Type 2 diabetes, also known as adult-onset or non-insulin-dependent diabetes, is a condition that affects the way your body metabolizes its main source of fuel — sugar (glucose).
The body either resists the effects of insulin — a hormone that regulates the movement of sugar into your cells — or doesn't produce enough insulin to maintain healthy glucose levels.
There's no cure for type 2 diabetes, but there are ways to lower blood sugar. Help manage your condition by eating well, exercising, maintaining a healthy weight and monitoring your blood glucose levels. If diet and exercise don't control your blood sugar, you may need medications or insulin therapy.
Factors that can increase your risk of type 2 diabetes include1:
Risk of type 2 diabetes increases with age, especially after 45, because people tend to exercise less and gain weight. Type 2 diabetes is now also increasing among children, adolescents and younger adults because of obesity.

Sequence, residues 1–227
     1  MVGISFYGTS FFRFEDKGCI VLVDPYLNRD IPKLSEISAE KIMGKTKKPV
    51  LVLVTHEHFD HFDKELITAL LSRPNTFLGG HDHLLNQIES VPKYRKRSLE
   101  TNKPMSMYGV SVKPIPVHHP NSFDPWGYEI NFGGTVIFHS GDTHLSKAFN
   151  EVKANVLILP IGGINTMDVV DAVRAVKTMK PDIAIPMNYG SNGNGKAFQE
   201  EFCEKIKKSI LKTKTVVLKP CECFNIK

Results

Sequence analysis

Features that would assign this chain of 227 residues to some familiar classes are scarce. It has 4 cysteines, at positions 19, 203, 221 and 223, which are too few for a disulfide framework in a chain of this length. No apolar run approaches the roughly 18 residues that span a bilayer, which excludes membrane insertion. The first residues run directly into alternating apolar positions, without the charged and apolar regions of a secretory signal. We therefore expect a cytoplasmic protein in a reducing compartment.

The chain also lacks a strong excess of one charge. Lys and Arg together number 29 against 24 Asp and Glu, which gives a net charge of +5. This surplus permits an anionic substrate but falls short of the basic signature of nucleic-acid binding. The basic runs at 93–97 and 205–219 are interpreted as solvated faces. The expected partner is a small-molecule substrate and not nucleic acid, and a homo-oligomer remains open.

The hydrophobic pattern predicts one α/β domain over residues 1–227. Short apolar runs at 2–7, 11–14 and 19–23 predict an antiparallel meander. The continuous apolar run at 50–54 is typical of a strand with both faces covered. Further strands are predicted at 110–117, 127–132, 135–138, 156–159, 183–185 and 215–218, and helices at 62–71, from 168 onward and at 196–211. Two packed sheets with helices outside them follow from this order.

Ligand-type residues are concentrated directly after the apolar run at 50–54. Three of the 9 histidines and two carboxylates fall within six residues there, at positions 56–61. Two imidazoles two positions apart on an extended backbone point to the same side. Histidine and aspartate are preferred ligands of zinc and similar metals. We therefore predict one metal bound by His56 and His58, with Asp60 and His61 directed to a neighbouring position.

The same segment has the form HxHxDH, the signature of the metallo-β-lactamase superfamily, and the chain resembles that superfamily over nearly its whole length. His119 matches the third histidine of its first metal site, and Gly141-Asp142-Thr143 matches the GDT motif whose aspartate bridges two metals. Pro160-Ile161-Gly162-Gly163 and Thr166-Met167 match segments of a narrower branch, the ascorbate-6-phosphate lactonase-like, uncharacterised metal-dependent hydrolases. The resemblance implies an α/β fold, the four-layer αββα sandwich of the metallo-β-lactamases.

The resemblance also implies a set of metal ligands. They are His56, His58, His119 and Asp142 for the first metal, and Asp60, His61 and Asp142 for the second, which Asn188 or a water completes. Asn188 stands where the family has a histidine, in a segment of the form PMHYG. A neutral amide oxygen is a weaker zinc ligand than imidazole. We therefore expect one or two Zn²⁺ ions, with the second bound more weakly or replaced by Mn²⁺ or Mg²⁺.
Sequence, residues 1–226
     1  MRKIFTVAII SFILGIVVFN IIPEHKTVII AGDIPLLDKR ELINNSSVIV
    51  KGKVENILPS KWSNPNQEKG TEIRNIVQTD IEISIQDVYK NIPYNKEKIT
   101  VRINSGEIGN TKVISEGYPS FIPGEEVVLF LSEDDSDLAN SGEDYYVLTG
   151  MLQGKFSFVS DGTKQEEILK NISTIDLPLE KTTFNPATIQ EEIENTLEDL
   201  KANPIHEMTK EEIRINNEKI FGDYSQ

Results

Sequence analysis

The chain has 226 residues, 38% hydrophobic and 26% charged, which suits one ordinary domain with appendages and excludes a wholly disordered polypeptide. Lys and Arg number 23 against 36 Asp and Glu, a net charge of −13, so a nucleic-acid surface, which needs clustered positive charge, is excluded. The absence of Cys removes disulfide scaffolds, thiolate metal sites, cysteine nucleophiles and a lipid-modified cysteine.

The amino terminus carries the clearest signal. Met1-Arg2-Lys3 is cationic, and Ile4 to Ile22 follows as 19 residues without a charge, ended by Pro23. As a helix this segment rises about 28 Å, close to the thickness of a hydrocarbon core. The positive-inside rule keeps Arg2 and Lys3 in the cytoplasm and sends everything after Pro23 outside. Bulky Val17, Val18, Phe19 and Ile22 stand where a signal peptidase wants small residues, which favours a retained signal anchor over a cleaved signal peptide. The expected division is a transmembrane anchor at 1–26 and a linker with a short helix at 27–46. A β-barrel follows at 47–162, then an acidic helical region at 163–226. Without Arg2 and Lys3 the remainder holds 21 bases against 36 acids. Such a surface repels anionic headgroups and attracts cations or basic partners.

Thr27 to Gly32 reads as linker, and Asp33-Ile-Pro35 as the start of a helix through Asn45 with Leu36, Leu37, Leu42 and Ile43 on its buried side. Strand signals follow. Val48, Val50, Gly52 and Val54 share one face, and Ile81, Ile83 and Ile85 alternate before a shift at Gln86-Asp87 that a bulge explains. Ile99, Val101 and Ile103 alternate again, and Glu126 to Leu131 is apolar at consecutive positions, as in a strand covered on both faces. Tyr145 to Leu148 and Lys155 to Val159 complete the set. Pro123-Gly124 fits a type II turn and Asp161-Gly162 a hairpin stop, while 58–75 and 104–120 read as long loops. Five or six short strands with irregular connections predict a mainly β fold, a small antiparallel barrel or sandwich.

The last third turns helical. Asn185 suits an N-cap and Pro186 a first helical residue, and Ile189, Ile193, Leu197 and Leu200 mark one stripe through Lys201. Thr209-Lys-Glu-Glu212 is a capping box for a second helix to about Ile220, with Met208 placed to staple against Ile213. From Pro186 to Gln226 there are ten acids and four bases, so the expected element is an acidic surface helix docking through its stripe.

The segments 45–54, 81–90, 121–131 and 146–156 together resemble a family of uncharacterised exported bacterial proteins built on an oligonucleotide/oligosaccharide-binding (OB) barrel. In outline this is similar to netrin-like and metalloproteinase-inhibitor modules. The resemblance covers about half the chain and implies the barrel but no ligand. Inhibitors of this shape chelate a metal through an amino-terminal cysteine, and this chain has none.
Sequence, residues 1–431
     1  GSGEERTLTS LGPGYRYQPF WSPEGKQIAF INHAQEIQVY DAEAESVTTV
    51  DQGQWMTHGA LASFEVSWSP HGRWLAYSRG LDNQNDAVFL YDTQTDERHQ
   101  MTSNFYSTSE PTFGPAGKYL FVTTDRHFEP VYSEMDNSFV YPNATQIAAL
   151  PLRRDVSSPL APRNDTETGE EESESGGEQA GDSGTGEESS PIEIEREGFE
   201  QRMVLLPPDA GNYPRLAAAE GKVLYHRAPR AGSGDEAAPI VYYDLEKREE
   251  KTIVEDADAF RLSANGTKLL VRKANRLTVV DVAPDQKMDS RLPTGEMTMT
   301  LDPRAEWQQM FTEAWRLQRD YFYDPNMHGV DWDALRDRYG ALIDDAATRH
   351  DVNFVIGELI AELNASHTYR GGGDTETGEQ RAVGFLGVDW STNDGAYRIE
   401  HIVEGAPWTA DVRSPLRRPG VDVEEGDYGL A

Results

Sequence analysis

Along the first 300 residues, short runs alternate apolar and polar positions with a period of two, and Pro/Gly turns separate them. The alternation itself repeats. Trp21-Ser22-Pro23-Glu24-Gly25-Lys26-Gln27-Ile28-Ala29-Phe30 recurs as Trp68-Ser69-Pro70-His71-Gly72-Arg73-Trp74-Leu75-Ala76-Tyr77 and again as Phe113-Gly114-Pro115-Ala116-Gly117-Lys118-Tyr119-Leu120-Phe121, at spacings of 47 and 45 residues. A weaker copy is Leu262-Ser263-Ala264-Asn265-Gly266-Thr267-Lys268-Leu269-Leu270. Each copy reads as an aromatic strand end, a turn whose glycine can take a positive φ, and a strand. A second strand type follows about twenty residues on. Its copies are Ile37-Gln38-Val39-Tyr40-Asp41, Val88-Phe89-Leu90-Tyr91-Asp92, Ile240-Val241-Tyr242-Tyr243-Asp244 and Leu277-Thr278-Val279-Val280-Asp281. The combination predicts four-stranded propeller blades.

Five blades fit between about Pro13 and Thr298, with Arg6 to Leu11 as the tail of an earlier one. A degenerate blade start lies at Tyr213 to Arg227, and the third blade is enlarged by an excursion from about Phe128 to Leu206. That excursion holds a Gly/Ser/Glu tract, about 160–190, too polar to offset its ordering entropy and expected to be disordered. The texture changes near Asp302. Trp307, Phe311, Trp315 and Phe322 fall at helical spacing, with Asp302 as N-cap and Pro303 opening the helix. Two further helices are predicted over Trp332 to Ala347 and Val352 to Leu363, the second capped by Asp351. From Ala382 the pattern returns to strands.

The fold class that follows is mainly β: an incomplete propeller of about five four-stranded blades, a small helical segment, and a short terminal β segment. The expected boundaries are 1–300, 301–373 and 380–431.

Being overweight is a primary risk factor for type 2 diabetes. This is because the more fatty tissue you have, the more resistant your cells become to insulin.
If your body stores fat primarily in your abdomen, your risk of type 2 diabetes is greater than if your body stores fat elsewhere.
The less active you are, the greater your risk. Exercise can impact blood sugar levels. Physical activity helps you control your weight, uses up glucose as energy and makes your cells more sensitive to insulin.
The risk of type 2 diabetes increases if your parent or sibling has it.
Race and Ethnicity
Although it's unclear why, people of certain races and ethnicities — including African Americans, Hispanics, American Indians and Asian-Americans — are more likely to develop type 2 diabetes than non-Hispanic white people.
Prediabetes is a condition in which your blood sugar level is higher than normal, but not high enough to be classified as diabetes. Left untreated, prediabetes may put you at risk to get type 2 diabetes.
Women who develop gestational diabetes while pregnant are at greater risk of later developing type 2 diabetes.
If you have questions about your risk for type 2 diabetes, ways to lower blood sugar, how to maintain healthy glucose levels, or the symptoms you're experiencing, talk with your healthcare professional.